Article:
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Can H-1B Employees Work Part-Time?

While most H-1B employment is full-time, there is no requirement that a position be full-time in order to qualify for H-1B classification. Part-time H-1B employment may be useful for:

  • Employers who, as a result of the economic climate, must reduce hours. Changing a full-time H-1B employee to part-time may allow the company to avoid a layoff.
  • Employees who seek to work for more than one H-1B employer simultaneously. Concurrent H-1B employment can be for multiple full- or part-time jobs, but additional employment must be designated as concurrent employment on the I-129 form.
  • Employees who choose to decrease their hours for personal reasons.

Part-time employment for H-1B purposes is considered anything less than 35 hours per week. For an H-1B employee who is currently working pursuant to an I-129 petition that is approved for full-time employment, the company will need to file an amended petition with USCIS prior to the new hours taking effect, including obtaining a new Labor Condition Application (LCA) designated for part-time employment. Please note that DOL regulations indicate that pay rates for part-time H-1B work should be listed as an hourly wage, instead of a yearly salary. The hourly rate of pay must equal or exceed the prevailing hourly wage for the occupation in the area of intended employment.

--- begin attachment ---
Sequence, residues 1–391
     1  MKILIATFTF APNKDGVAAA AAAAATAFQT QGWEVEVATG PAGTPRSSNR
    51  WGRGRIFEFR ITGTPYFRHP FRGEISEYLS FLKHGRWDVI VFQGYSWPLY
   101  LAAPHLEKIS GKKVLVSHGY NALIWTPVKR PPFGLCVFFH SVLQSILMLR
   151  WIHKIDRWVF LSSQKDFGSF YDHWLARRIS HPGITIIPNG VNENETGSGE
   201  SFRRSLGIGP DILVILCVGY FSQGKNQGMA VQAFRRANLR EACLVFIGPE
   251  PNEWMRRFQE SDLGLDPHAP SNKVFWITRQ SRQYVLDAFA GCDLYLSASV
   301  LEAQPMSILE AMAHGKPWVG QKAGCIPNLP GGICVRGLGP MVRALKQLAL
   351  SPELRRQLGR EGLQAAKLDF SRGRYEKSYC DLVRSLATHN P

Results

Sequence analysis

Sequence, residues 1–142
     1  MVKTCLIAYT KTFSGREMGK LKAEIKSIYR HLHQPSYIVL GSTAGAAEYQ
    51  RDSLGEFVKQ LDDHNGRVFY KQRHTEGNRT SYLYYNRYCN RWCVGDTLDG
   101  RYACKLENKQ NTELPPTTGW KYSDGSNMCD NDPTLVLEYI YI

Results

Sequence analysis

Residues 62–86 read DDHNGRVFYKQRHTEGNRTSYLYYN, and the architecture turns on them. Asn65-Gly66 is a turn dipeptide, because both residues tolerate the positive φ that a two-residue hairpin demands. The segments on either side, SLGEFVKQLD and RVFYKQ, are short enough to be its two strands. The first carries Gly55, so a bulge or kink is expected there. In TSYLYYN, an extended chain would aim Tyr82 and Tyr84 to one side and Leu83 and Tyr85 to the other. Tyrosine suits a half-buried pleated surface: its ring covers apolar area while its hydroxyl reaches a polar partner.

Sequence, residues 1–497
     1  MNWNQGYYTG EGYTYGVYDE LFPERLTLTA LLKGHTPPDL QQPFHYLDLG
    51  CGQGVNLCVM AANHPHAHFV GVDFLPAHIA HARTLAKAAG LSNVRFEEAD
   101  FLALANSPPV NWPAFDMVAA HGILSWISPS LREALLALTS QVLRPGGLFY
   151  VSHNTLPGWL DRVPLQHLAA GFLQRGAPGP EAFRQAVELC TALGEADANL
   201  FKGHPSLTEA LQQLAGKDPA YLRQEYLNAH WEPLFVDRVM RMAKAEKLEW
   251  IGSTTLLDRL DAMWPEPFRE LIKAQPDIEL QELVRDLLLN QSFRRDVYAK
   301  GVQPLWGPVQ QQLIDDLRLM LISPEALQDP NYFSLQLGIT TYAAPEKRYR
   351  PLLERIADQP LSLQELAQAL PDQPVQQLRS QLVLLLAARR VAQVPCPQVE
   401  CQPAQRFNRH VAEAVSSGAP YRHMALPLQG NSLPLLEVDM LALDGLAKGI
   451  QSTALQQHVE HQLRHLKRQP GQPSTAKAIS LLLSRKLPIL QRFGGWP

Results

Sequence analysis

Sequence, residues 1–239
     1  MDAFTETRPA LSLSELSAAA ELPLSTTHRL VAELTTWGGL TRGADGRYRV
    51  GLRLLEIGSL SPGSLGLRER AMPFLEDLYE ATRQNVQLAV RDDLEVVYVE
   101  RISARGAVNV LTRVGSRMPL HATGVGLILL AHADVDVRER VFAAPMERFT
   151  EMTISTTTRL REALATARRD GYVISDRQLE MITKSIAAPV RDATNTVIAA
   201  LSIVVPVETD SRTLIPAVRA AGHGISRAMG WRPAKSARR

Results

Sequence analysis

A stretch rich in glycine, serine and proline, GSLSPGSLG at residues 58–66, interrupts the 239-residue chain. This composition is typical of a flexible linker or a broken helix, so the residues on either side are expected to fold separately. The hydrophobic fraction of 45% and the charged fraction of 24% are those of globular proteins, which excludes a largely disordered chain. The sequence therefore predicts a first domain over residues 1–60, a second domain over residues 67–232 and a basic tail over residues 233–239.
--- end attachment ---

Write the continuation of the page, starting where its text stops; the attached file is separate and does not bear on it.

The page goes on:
The I-129 form further requires that the number of hours per week be listed for part-time employees. This may be listed as a range (such as “20-25 hours/week”) or as “flexible.” There is no minimum number of hours that must be worked to qualify for part-time H-1B status, although the total pay should be enough to constitute a living wage (if it does not, then the petition should be accompanied by proof of the beneficiary’s other means of support, such as concurrent H-1B employment elsewhere, or household income from an employed spouse).

Employers who are considered H-1B dependent should also recalculate their H-1B dependent status if a number of employees shift from full- to part-time employment.

Employers or employees considering a shift to part-time H-1B employment should consult with immigration counsel to ensure the proper paperwork is timely filed to authorize a reduction in hours, and that relevant DOL reporting obligations are met.

By: Rebecca Chen

Rebecca Chen is a Partner at Reddy & Neumann. Her representation includes advising clients throughout the non-immigrant and immigrant visa application process, from initial filing, responding to various requests for evidence, and processing at overseas consulates. Her years of experience in the immigration field have made her a knowledgeable resource for complex business immigration matters.